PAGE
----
For every insipid, automaton disc jockey-producer, there are innovative minds like Anna Lunoe, Four Tet, and the Black Madonna, whose eclectic, infectious sets display impeccable taste, a wealth of knowledge, and boundless creativity. Over the past few years, many underground artists have been thrust into the mainstream spotlight and lost the je ne sais quoi that made them unique. Regardless, there will always be new musicians, producers, singers, and visionaries to replace them, those who bring something novel to the table or tip a hat to their predecessors in a way that steps beyond homage and exhilarates as it did decades before.

As electronic music continues to evolve and its endless sub-genres continue to expand, so do fickle tastes, and preferences become more and more subjective with a seemingly endless list of artists to sift through. With so much music to digest, its no wonder that many artists remain under the radar. This list hopes to remedy that injustice and celebrate tracks both indie and mainstream. From the "shamanic techno" of Parisian duo Pouvoir Magique to Stockholm Noir's brilliant string of darkly foreboding, electro-licked singles, here are ten selections that represent some of the more intriguing dance offerings of 2017.

10. Moullinex - “Work It Out (feat. Fritz Helder)”

Taken from Portuguese producer, DJ, and multi-instrumentalist Luis Clara Gomes' third album Hypersex, "Work It Out" like all of its surrounding companions is a self-proclaimed, "collective love letter to club culture, and a celebration of love, inclusion and difference." Dance music has always seemingly been a safe haven for "misfits" standing on the edge of the mainstream, and while EDM manufactured sheen might have taken the piss out of the scene, Hypersex still revels in that defiant, yet warm and inviting attitude.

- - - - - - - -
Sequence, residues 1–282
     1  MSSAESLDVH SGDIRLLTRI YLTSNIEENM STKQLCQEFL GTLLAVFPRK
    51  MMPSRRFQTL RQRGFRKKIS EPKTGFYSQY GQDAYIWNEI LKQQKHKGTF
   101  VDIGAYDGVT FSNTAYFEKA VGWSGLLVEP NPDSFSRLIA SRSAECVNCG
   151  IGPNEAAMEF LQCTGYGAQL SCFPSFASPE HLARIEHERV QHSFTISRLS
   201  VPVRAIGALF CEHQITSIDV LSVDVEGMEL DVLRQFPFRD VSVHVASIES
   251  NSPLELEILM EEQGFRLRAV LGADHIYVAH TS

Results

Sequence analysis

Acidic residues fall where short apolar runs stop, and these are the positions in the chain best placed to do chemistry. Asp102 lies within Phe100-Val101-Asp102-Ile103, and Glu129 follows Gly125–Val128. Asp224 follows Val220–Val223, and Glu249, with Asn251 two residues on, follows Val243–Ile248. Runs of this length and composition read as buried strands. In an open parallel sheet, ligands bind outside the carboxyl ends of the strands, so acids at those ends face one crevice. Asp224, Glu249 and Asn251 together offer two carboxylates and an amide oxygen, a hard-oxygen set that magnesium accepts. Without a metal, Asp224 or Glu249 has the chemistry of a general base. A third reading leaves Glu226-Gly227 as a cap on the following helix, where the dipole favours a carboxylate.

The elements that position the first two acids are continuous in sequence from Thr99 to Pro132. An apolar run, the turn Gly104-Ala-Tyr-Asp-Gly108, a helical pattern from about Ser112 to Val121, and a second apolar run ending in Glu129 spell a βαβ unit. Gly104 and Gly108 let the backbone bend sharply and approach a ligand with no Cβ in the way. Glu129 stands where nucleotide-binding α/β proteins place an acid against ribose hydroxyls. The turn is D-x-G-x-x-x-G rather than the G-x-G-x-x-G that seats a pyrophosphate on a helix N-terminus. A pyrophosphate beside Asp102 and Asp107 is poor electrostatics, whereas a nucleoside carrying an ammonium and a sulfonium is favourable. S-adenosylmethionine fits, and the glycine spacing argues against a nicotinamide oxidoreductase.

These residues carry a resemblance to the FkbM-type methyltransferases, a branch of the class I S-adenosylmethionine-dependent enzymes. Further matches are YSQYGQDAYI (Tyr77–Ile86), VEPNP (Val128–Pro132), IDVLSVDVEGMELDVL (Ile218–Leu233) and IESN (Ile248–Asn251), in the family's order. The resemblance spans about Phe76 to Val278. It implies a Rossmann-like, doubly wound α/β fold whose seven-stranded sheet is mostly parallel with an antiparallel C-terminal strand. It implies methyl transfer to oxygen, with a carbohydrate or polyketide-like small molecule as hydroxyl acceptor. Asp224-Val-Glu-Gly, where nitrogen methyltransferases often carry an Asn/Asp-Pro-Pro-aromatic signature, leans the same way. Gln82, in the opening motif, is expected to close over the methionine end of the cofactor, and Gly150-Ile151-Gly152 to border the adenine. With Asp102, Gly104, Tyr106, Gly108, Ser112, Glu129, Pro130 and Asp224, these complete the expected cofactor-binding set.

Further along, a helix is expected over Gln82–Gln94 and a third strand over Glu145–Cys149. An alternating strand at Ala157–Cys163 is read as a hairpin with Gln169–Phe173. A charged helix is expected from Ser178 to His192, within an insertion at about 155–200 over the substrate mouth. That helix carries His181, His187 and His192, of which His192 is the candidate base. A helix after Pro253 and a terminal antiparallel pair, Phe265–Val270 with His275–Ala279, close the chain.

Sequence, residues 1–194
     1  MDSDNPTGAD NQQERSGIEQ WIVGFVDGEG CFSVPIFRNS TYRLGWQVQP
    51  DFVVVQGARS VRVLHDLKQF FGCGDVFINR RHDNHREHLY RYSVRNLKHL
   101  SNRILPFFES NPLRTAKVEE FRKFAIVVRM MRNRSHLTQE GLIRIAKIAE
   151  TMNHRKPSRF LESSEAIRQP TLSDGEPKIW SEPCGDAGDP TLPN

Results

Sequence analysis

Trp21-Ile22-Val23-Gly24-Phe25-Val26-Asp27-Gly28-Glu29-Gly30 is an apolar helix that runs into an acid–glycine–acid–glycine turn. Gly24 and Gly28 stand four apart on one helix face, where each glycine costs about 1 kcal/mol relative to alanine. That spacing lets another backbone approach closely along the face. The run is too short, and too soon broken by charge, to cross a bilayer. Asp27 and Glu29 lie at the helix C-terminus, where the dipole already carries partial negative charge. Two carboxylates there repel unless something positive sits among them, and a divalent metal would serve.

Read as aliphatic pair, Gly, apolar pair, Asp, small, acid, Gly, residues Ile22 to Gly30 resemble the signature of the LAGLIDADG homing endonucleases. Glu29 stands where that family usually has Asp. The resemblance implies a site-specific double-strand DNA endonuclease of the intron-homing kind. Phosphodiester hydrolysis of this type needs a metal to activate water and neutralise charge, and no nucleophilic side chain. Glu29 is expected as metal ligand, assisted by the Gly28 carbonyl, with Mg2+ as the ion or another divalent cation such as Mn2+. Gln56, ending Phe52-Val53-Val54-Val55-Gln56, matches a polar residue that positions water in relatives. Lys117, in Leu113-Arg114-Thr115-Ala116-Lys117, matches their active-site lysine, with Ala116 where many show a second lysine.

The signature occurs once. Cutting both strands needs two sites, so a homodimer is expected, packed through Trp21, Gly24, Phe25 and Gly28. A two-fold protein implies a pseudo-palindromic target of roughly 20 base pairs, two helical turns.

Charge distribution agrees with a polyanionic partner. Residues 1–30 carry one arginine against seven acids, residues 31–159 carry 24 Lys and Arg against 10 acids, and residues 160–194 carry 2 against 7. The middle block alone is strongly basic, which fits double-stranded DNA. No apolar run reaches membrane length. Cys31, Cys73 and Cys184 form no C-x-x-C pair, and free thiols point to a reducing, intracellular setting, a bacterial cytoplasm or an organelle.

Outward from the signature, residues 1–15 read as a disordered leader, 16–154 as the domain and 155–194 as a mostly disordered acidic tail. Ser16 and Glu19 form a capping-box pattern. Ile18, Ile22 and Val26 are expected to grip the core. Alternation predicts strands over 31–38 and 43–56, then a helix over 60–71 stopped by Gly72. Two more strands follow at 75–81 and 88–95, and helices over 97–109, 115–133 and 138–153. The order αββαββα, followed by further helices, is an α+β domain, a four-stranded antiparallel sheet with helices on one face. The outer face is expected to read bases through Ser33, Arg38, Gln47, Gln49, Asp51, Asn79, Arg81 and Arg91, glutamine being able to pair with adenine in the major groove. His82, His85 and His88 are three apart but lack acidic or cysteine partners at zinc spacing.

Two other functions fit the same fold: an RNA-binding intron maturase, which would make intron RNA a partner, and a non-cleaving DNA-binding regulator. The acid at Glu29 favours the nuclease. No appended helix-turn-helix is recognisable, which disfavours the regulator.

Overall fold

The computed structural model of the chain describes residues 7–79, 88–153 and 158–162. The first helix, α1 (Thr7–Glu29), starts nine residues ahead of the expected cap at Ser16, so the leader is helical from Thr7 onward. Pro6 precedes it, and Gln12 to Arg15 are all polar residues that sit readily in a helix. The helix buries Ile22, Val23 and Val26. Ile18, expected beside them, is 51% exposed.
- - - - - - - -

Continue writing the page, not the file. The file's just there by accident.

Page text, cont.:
Like a cheeky homage to Rick James and the late, great High Priest of Pop, Prince, this delectably filthy, sexually charged track with its nasty, funk-drenched bass line, couldn't have found a more flawless messenger than former Azari & III member Fritz Helder. As the radiant, gender-fluid artist sings, "you better work your shit out", this album highlight becomes an anthem for all those who refuse to bow down to BS. Without any accompanying visuals, the track is electro-funk perfection, but the video, with its ruby-red, penile glitter canon, kicks the whole thing up a notch.

9. Touch Sensitive - “Veronica”

The neon-streaked days of roller rinks and turtlenecks, leg warmers and popped polo collars have come and gone, but you wouldn't think so listening to Michael "Touch Sensitive" Di Francesco's dazzling debut Visions. The Sydney-based DJ/producer's long-awaited LP and its lead single "Lay Down", which shot to the top of the Hype Machine charts, are as retro-gazing as they are distinctly modern, with nods to everything from nu disco to slo-mo house.

Featuring a sample lifted from 90s DJ and producer Paul Johnson's "So Much (So Much Mix)," the New Jack-kissed "Veronica" owns the dance floor. While the conversational interplay between the sexed-up couple is anything but profound, there is no denying its charms, however laughably awkward. While not everything on Visions is as instantly arresting, it is a testament to Di Francesco's talents that everything old sounds so damn fresh again.

8. Gourmet - “Delicious”

Neither Gourmet's defiantly eccentric, nine-track debut Cashmere, nor its subsequent singles, "There You Go" or "Yellow" gave any indication that the South African purveyor of "spaghetti pop" would drop one of the year's sassiest club tracks, but there you have it. The Cape Town-based artist, part of oil-slick, independent label 1991's diminutive roster, flagrantly disregards expectation on his latest outing, channeling the Scissor Sisters at their most gloriously bitchy best, Ratchet-era Shamir, and the shimmering dance-pop of UK singer-producer Joe Flory, aka Amateur Best.